UNITED STATES
Securities and Exchange Commission
Washington, D.C.  20549
 
FORM 10-K
 
[X]
ANNUAL REPORT PURSUANT TO SECTION 13 OR 15(d) OF THE SECURITIES EXCHANGE ACT OF 1934

For the fiscal year ended December 31, 2017 
or
 
[  ]
TRANSITION REPORT UNDER SECTION 13 OR 15(d) OF THE SECURITIES EXCHANGE ACT OF 1934
For the transition period from_______ to ______.
 
Commission File No. 0-30379
 
CHEMBIO DIAGNOSTICS, INC.
(Exact name of registrant as specified in its charter)
 
Nevada
 
88-0425691
(State or other jurisdiction of incorporation or organization)
 
(I.R.S. Employer Identification No.)
 
 
 
  3661 Horseblock Road, Medford, NY
 
11763
(Address of principal executive offices)
 
(Zip Code)

Registrant’s telephone number, including area code (631) 924-1135
 
Securities registered pursuant to Section 12(b) of the Act:
 
Title of each class
 
Name of each exchange on which registered
Common Stock, $0.01 par value
Preferred Share Purchase Rights
 
The NASDAQ Stock Market LLC
The NASDAQ Stock Market LLC

Securities registered pursuant to section 12(g) of the Act:
None
(Title of Class)

Indicate by check mark if the registrant is a well-known seasoned issuer, as defined in Rule 405 of the Securities Act.  Yes __ No X

Indicate by check mark if the registrant is not required to file reports pursuant to Section 13 or Section 15(d) of the Act. Yes __ No X

Indicate by check mark whether the registrant (1) has filed all reports required to be filed by Section 13 or 15(d) of the Securities Exchange Act of 1934 during the preceding 12 months (or for such shorter period that the registrant was required to file such reports), and (2) has been subject to such filing requirements for the past 90 days.  Yes X   No__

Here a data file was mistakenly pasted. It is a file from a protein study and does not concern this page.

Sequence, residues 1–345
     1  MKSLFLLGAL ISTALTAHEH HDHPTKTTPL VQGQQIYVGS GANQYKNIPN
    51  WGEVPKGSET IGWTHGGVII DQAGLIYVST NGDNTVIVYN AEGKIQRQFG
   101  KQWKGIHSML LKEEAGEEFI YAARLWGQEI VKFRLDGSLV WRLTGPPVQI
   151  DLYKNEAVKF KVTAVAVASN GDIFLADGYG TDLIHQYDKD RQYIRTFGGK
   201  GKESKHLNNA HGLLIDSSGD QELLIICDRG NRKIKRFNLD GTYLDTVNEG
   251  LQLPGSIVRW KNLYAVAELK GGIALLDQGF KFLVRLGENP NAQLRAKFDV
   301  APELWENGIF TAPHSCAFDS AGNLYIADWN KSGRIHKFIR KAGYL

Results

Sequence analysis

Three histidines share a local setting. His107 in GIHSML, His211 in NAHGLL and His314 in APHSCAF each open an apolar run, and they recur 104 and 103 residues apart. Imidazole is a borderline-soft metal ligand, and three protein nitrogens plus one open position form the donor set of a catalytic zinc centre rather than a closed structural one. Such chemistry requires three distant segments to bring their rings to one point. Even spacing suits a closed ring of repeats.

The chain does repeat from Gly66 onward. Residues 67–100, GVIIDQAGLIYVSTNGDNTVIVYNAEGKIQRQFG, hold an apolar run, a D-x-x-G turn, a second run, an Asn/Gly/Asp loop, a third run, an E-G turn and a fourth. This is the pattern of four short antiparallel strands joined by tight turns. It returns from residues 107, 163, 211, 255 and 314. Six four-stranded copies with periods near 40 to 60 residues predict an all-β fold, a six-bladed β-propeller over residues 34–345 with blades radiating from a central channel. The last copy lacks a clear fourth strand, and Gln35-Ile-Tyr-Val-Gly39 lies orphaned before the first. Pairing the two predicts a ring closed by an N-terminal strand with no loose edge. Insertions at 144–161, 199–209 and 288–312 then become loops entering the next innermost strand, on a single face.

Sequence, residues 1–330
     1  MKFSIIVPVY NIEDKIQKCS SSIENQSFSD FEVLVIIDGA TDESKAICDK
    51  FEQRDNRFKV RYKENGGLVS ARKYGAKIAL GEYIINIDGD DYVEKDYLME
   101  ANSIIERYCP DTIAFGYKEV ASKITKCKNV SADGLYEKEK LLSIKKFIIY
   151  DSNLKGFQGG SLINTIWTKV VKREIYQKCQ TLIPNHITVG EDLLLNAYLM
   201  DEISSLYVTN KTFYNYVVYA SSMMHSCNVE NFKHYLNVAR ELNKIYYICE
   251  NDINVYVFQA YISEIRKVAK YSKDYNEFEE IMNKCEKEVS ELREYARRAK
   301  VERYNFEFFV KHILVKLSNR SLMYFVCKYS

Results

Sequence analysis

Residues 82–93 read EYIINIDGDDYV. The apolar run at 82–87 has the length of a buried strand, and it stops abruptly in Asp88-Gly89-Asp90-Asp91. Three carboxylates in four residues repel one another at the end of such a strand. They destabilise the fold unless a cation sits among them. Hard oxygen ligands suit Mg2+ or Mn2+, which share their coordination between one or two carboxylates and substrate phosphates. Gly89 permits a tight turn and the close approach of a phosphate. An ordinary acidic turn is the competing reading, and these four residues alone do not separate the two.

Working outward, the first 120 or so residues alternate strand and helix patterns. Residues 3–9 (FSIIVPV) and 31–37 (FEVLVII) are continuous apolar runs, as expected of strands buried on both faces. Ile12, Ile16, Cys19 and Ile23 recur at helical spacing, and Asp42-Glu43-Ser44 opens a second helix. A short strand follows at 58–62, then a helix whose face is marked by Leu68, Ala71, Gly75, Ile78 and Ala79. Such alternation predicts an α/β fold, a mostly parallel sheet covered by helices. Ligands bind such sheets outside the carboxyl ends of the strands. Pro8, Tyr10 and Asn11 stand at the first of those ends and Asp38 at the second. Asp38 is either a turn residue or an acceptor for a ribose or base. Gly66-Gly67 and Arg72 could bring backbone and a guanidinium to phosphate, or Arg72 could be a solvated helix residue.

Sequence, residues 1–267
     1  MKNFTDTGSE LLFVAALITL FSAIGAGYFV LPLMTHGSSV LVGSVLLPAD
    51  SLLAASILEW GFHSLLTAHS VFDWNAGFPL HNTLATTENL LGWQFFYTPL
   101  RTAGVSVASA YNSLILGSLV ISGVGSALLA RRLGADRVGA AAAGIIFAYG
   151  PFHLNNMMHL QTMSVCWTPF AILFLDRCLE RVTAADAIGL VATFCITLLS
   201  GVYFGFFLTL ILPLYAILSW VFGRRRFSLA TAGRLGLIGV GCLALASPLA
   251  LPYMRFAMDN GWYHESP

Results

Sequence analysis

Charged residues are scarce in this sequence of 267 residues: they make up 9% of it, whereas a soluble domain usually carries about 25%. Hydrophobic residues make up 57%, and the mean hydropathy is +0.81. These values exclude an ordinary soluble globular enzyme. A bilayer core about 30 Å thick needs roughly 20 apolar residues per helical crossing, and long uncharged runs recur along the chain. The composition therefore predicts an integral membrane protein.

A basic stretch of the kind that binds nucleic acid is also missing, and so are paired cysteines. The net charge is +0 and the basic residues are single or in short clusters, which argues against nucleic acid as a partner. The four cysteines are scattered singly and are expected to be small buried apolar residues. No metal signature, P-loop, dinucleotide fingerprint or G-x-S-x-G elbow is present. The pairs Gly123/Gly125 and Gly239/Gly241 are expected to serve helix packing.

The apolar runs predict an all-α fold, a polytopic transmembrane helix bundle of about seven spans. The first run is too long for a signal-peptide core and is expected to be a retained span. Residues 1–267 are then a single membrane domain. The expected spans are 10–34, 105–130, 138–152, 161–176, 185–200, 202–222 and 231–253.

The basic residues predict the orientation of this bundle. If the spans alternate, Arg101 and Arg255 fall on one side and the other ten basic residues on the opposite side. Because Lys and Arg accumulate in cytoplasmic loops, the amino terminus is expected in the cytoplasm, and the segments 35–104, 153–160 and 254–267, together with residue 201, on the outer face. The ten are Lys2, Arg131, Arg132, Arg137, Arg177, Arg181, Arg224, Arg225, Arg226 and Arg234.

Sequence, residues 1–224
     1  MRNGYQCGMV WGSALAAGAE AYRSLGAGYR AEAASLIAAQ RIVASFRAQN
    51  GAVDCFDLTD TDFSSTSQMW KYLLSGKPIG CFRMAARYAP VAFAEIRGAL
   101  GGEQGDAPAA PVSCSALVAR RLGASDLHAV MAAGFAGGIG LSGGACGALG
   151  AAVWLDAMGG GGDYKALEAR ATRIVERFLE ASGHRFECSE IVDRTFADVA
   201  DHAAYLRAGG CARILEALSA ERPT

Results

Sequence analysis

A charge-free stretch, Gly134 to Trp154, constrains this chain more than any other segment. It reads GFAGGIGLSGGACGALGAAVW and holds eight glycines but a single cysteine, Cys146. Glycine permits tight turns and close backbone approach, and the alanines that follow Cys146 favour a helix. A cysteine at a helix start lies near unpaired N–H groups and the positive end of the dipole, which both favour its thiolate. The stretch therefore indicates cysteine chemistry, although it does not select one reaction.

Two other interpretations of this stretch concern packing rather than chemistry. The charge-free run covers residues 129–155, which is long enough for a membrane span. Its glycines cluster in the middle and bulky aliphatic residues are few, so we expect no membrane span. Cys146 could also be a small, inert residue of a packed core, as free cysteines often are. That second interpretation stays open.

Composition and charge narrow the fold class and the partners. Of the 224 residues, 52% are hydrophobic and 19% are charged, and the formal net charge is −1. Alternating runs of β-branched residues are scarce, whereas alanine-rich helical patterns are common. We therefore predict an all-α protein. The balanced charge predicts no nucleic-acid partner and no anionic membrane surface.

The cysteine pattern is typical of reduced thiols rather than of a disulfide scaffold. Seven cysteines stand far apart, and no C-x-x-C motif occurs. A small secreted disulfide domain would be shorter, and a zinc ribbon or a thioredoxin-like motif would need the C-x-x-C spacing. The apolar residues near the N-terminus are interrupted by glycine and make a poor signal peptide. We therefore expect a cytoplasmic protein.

Indicate by check mark whether the registrant has submitted electronically and posted on its corporate Website, if any, every Interactive Data File required to be submitted and posted pursuant to Rule 405 of Regulation S-T (§ 232.405 of this chapter) during the preceding 12 months (or for such shorter period that the registrant was required to submit and post such files).  Yes X  No __

Indicate by check mark if disclosure of delinquent filers pursuant to Item 405 of Regulation S-K (§ 229.405 of this chapter) is not contained herein, and will not be contained, to the best of registrant’s knowledge, in definitive proxy or information statements incorporated by reference in Part III of this Form 10-K or any amendment to this Form 10-K. [X]

Indicate by check mark whether the registrant is a large accelerated filer, an accelerated filer, a non-accelerated filer, smaller reporting company, or an emerging growth company. See the definitions of "large accelerated filer", "accelerated filer", "smaller reporting company," and "emerging growth company" in Rule 12b-2 of the Exchange Act. (Check one):

Large accelerated filer [ ]
Accelerated filer [X ]
Non-accelerated filer [ ]
Smaller reporting company [ ]
(Do not check if a smaller reporting company)
Emerging growth company [ ]

If an emerging growth company, indicate by check mark if the registrant has elected not to use the extended transition period for complying with any new or revised financial accounting standards provided pursuant to Section 13(a) of the Exchange Act [ ]

Indicate by check mark whether the registrant is a shell company (as defined in Rule 12b-2 of the Exchange Act).   Yes __ No _X_

As of the last business day of the Company’s most recently completed second fiscal quarter, the aggregate market value of voting and non-voting common equity held by non-affiliates* was $56,453,579.

As of March 5, 2018, the registrant had 14,162,702 common shares outstanding.